Coinciding with the launch of my first newsletter this […]

YesCoinciding with the launch of my first newsletter this month, I thought that this would be a good time to review what I have been blogging about for the last year and give some hints and some direction as to where I am going.  It’s been almost a year since I began focusing on managing energy not time in many of my posts (see Managing Energy Not Time – Refuelling at the Dog Park, which was the first post).  I have really enjoyed having that as an overarching theme, since it is integral to how I live my life and how I approach my coaching practice.

There are some sub-topics I said I would blog about more and haven’t, such as the connection between eating and managing our physical energy,  more about managing spiritual energy, how slowing down is a good thing, and the importance of taking breaks.   I will definitely cover these topics in future posts.   One of my mottos is “better late than never” and I think it applies in this case.

To add to this post, I want to share an insight I recently had on a run last week.   It has to do with how we react when presented with a request (or demand!) or an idea.  As lawyers, my husband and I both learned that clients want to hear solutions; clients don’t want to work with lawyers who put up roadblocks to what they want.  I am sure the same is true in any corporate environment and anywhere else, in fact.    When making a request, we want to hear a “yes, and this is how or this is when…. etc.”  People want to hear about possibilities, not about limitations.   We have been working to instil this approach in our children as well, that is, when we are the “client” and they are the “lawyer”.   For example, when we ask them to do a chore, we want them to say yes (or as my mother used to say “Yes Mum, I would be delighted to!’)

My new insight was how this approach connects with something I have been trying to do more of as a parent, especially with my youngest.  Here’s the background: I have been reading The Happiness Project as a member of a “very slow book-club” created and facilitated by my friend and colleague Lisa Sansom.  (We meet over the phone for an hour once every two weeks; it works really well as a format.)   The book is full of insights and Gretchen Rubin has done a great job of making so much of the positive psychology research come to life.  In the chapter on parenting called “Lighten Up” she talks about trying to say  “no” or “stop” less often.  Apparently studies show that over 85% of adults messages to children are negative.  It’s hard when we are feeling stressed to keep ourselves from just saying “no!” or “stop!”.   I also know that when I am stressed I tend to become inflexible and reactive, so I do say “no” and “stop” more, to everyone, including my little son.    So, lately, I have been trying to pause, take a breath, and say “Yes, we can do this thing that you want later, after lunch.  Yes, you can eat this candy after you have had a good healthy dinner.   Yes, you can go scooting once I finish this chore.  Yes, you can have a glass of juice after you have had a glass of water”…and so on.   It takes a bit more effort, but the pay-off is huge.    My son feels his wants are being met and I feel good that most of the time I can meet them.  That makes both of us feel more positive and lighter, for sure.    There is room for some of the positive emotions such as love, hope and interest.  (Remember the positivity ratio I blogged about in  Do You Have a Worry Cup or A Cup of Concern?)    It helps to reduce stress too.  It really does put us in a world of possibilities rather than limits (see The Art of Possibility, a wonderful book about this), on an upward spiral towards flourishing rather than just surviving.    My emotional energy is fuelled by these interactions rather than drained.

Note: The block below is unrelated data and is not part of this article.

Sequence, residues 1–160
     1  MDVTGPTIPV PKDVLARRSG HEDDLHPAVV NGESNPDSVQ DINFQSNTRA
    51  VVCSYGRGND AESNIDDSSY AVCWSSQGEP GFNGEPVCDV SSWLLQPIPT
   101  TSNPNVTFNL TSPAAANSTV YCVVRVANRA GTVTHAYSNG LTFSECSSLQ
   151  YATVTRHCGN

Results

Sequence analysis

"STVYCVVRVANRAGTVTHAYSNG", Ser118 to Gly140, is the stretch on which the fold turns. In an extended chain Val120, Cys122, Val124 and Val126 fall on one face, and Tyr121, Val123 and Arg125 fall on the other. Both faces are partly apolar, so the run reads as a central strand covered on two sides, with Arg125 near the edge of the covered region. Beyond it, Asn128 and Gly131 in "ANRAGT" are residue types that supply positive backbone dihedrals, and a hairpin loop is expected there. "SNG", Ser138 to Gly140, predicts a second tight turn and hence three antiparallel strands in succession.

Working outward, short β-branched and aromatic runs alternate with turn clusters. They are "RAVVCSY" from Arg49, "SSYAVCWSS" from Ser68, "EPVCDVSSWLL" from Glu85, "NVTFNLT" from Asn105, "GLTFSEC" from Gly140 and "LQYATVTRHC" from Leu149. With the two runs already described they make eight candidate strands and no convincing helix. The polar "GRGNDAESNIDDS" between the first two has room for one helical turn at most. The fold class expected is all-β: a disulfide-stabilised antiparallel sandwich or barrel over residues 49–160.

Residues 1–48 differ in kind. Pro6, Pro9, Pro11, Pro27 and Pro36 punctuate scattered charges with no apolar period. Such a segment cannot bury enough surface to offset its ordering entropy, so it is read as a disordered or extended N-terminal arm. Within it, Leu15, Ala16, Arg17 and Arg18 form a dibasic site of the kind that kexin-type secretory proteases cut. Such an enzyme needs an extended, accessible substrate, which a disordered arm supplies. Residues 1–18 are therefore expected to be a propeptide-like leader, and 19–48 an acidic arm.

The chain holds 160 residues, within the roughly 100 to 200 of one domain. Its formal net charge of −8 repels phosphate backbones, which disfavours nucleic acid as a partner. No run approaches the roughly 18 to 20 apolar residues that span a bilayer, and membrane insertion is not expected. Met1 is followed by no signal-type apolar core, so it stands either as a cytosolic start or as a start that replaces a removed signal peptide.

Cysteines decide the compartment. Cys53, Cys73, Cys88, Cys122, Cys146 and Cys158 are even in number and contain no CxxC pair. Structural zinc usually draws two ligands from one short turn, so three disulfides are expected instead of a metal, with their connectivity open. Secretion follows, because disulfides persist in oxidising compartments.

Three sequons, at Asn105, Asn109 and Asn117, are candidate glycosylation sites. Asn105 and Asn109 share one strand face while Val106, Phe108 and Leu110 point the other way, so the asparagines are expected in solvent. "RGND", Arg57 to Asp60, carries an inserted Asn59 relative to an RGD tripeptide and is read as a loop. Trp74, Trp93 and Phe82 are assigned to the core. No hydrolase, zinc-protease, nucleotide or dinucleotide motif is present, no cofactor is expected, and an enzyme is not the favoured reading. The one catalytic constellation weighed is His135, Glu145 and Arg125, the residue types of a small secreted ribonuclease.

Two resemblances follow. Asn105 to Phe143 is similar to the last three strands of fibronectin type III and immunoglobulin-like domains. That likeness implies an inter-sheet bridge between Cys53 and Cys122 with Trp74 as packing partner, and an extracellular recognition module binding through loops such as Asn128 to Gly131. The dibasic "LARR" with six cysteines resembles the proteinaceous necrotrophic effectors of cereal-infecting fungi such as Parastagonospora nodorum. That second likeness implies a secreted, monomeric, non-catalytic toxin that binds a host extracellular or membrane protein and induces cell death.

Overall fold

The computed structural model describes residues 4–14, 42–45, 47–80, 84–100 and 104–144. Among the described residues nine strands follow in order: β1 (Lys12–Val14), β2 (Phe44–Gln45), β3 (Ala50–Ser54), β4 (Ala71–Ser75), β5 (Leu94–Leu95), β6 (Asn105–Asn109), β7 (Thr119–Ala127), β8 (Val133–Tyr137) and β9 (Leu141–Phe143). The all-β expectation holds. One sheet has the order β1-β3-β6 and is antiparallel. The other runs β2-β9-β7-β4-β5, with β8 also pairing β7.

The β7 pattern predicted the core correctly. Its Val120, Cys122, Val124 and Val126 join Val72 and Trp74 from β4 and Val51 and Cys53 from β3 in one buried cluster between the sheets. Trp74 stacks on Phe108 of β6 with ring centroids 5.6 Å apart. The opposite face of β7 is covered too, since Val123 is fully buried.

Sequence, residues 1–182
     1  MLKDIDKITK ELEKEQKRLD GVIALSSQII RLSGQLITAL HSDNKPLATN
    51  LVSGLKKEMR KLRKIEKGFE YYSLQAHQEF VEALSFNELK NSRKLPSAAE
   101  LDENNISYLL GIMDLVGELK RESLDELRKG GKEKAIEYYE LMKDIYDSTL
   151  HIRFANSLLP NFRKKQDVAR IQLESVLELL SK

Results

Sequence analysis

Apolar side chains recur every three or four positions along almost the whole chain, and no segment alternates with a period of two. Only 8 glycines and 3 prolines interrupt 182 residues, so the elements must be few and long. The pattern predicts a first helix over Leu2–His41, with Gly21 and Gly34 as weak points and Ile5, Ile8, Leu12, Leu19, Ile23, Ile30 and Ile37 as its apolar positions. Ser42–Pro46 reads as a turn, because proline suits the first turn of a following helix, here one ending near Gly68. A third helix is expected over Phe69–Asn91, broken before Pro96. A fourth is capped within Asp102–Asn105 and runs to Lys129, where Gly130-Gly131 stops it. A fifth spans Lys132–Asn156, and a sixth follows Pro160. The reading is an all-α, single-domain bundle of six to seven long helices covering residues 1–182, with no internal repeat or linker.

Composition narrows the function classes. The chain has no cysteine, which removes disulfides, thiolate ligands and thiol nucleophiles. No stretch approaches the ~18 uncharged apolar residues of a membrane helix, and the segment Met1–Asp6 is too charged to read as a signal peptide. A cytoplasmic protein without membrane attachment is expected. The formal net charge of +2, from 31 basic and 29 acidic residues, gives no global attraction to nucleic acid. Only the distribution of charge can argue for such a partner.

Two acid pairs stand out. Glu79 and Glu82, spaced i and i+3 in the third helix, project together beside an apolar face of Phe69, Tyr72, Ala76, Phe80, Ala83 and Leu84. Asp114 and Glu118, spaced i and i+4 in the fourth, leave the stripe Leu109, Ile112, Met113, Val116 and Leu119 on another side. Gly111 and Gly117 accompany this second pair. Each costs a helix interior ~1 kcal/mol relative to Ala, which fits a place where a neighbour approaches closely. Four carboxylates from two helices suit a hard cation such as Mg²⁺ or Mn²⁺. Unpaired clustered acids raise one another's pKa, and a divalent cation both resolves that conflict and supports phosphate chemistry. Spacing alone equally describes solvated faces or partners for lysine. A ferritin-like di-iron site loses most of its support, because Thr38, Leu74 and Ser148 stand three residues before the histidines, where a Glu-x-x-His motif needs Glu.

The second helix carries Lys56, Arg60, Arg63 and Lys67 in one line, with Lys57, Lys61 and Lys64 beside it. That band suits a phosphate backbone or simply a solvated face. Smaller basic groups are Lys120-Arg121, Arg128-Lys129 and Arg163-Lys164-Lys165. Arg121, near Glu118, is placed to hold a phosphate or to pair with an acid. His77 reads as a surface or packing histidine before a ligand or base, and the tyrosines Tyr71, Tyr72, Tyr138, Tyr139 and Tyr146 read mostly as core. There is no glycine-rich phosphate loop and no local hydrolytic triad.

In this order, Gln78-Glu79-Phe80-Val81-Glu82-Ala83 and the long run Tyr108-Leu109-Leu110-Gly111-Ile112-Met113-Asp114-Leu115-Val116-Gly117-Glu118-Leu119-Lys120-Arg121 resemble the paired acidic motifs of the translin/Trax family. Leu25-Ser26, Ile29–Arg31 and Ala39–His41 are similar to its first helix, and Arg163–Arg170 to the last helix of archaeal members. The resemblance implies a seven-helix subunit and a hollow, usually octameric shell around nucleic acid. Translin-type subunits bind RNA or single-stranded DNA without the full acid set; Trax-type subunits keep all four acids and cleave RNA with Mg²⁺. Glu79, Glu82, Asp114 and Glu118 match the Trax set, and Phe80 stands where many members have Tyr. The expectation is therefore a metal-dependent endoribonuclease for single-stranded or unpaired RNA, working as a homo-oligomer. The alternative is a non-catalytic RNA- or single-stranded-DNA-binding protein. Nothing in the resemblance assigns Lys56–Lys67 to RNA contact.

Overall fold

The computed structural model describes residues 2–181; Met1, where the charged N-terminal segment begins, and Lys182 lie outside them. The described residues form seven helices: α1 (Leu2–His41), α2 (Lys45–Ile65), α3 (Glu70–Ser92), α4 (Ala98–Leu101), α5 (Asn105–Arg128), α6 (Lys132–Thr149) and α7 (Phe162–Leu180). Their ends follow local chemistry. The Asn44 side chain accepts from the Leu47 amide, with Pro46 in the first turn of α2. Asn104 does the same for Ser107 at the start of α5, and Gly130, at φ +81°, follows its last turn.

So, on my run, I just realized how this parenting approach is basically the same as what we learned as lawyers and were trying to teach our kids.   I know from experience that one of the best ways to teach my kids anything is to be a good role model for them – to practice what I preach.  I know now that I wasn’t practising what I was preaching as much as I could and want to.    Funny that it took me a while to see this connection, but now that I have made it, it’s going to stick, both in my parenting and in my other roles too.   How about you?  What experiences have you had that relate to this?

PS I am really looking forward to attending the First Canadian Conference on  Positive Psychology here in Toronto on July 20 and 21.   Lisa Sansom, who I mentioned above, is involved in organizing this, along with Louisa Jewell, the President and Founder of the Canadian Positive Psychology Association, and many others.

Author: Milisa Burns

Milisa Burns is a certified professional coach, former lawyer and married mother of three, with her own website:

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